The Spider-Man/Spider-Gwen: Sitting in a Tree TPB collects the entire “Sitting in a Tree” crossover event between Miles Morales and (the alternate reality Spider-Woman version of) Gwen Stacy. There’s a lot of dimension hopping, vibrant colors, and teenage angst and flirtation. Is it good?

Spider-Man/Spider-Gwen: Sitting in a Tree
Writers: Brian Michael Bendis, Jason Latour
Artists: Sara Pichelli, Robbi Rodriguez
Publisher: Marvel Comics

I’ll start by addressing the writing. It’s a bit uneven at times, but well-done overall. The Spider-Man issues penned by Brian Michael Bendis are probably the stronger half of the trade. It’s hard to craft a single story arc that takes place over two series while still rendering each series readable on its own. Bendis addresses this problem by rendering his half of the arc as a frame story. Miles tells his roommates Ganke and Fabio about his adventure with Gwen, and the reader learns about it alongside them. Ganke in particular is a talking recap device, asking Miles to go back and explain events. This feels a little clunky at times, but it ultimately works. Another positive aspect of the writing is Bendis’ handling of Miles. Unsurprisingly, Miles’ voice continues to shine through loud and clear—Bendis co-created the character, after all.

The Spider-Gwen issues penned by Jason Latour don’t fare quite as well. It’s not that they’re badly written; Latour just doesn’t make the characters as engaging as Bendis does. It doesn’t help that a lot of the arc’s more questionable events occur in the Spider-Gwen issues. We get several issues of build-up regarding Miles’ search for his father and then…his father shows up in what feels almost like an afterthought. We get a touching moment between Miles and Jefferson, but the pacing just feels too rushed. The volume as a whole, across issues of both series, feels unbalanced. Some events last a bit longer than they need to, and others feel sped through. The pacing flaws hinder the arc’s overall sense of cohesion.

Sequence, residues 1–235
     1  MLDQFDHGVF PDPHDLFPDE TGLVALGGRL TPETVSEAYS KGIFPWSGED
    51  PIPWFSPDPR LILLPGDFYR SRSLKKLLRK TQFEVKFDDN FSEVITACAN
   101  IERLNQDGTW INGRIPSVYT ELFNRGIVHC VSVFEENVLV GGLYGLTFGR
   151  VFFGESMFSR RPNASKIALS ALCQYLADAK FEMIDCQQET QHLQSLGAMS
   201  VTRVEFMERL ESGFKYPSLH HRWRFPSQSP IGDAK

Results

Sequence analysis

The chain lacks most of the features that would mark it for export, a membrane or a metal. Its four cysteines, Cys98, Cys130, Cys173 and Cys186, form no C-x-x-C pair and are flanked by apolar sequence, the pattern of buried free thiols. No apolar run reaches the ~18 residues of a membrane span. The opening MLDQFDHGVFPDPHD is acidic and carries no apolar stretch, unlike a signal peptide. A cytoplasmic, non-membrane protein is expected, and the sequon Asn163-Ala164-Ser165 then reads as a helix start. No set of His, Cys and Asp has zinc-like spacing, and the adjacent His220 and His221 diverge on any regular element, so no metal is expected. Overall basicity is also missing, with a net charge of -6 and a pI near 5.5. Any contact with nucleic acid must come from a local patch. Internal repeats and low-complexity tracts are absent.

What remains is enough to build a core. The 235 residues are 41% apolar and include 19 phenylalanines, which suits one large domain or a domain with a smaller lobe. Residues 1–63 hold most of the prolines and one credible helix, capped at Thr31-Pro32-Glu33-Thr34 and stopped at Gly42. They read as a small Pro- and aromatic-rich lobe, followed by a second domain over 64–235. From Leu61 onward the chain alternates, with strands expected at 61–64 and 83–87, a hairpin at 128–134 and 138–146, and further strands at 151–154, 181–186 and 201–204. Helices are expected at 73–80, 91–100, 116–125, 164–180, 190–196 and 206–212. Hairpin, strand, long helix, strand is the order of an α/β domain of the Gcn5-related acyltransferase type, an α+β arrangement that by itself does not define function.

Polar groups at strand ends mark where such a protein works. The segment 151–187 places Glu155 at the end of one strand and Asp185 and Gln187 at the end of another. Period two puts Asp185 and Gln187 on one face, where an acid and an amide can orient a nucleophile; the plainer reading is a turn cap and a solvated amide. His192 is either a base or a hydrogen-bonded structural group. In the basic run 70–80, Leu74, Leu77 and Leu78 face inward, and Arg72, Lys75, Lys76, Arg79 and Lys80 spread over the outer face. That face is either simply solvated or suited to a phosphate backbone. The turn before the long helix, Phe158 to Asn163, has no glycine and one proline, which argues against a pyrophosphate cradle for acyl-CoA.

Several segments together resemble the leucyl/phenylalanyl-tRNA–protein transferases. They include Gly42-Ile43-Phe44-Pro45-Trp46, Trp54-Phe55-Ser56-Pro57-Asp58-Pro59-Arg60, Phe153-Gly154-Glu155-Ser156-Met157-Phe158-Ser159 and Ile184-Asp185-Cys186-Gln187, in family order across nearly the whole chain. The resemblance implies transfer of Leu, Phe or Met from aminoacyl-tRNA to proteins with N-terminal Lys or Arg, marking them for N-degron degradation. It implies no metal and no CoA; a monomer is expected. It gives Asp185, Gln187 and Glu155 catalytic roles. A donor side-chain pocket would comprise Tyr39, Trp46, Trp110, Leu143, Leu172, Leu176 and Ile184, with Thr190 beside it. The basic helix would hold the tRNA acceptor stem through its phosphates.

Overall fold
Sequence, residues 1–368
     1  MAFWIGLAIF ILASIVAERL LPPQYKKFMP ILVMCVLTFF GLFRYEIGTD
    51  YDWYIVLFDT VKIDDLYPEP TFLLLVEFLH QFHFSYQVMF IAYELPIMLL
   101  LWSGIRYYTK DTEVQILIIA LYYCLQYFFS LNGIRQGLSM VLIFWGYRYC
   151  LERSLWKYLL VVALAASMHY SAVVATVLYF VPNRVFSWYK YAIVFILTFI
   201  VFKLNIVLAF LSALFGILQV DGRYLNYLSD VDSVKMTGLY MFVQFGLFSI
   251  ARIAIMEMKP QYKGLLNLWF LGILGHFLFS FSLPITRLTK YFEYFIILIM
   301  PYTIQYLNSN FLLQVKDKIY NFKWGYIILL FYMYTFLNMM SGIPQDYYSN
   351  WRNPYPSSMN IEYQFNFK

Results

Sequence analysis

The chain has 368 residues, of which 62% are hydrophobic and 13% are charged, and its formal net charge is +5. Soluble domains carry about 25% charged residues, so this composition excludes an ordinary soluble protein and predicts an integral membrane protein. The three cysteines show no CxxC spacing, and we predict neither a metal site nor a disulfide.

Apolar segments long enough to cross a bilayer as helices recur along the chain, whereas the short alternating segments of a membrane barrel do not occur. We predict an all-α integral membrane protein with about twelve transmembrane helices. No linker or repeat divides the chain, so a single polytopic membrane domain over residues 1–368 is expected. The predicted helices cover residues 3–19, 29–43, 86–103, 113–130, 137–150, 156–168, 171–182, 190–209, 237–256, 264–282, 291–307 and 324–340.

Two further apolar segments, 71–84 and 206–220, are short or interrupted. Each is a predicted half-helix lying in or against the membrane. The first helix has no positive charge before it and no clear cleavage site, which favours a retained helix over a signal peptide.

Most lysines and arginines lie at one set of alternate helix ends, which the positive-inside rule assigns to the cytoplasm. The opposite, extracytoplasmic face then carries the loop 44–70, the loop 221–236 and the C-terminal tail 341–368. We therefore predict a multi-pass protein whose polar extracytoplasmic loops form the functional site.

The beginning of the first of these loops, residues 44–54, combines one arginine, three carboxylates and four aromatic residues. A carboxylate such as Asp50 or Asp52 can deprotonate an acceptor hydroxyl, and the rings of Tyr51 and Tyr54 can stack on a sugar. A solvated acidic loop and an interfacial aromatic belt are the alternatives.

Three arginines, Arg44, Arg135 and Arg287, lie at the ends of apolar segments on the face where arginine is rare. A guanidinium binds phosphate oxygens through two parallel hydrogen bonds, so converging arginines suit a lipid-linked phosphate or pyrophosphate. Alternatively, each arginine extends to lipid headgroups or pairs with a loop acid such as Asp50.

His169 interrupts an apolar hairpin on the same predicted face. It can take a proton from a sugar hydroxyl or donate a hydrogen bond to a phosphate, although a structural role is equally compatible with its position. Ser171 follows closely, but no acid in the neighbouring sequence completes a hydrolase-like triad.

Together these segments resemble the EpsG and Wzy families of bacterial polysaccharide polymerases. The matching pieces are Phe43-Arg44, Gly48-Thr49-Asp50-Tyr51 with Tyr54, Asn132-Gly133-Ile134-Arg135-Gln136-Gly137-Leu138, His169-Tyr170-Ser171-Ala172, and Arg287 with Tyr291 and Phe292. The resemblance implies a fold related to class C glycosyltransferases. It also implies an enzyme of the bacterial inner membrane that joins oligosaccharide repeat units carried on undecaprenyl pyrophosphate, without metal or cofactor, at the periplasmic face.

The volume’s most memorable strengths pertain to its art. The colorist team is fantastic. Justin Ponsor colors the Spider-Man issues, and his work really enhances the emotional effectiveness of a lot of key scenes. Over on Spider-Gwen, Rico Renzi knocks it out of the park in a different style. Renzi’s color choices are neon and electric, and imbue the New York cityscapes with a sense of both fun and urgency. Sara Pichelli pencils the Spider-Man issues and, as usual, does a great job. Her characters’ facial expressions are believable, humorous, and moving. Robbi Rodriguez’s pencils on the Spider-Gwen half of the crossover are less consistent. They do a good job creating a sense of momentum in fight scenes, but the characters’ faces are frequently displeasing to look at.

Overall, this is an enjoyable volume. The crossover definitely has its flaws (the events don’t connect together as seamlessly as they could, and Ms. Marvel’s appearance feels unneeded) but the art team helps make up for the less consistent aspects of the writing. I do appreciate the way the ending addressed a potential Miles/Gwen relationship. The characters aren’t immediately rushed into a romance, and while the door is left open for love to blossom later on, the possibility doesn’t feel entirely predestined. Some of the details could have been better managed, but “Sitting in a Tree” is still a fun story with likable protagonists and great artwork.

Spider-Man/Spider-Gwen: Sitting in a Tree
Is it good?
The writing is uneven at times, but ultimately this is a fun story with great artwork.
Both colorists do fantastic work
Pichelli's pencils are strong as usual
The Miles/Gwen romance wasn't too forced
Jefferson's events at the end aren't very satisfying
Some of the plot points feel disjointed or poorly executed
Some of the facial expressions in the Spider-Gwen issues aren't very good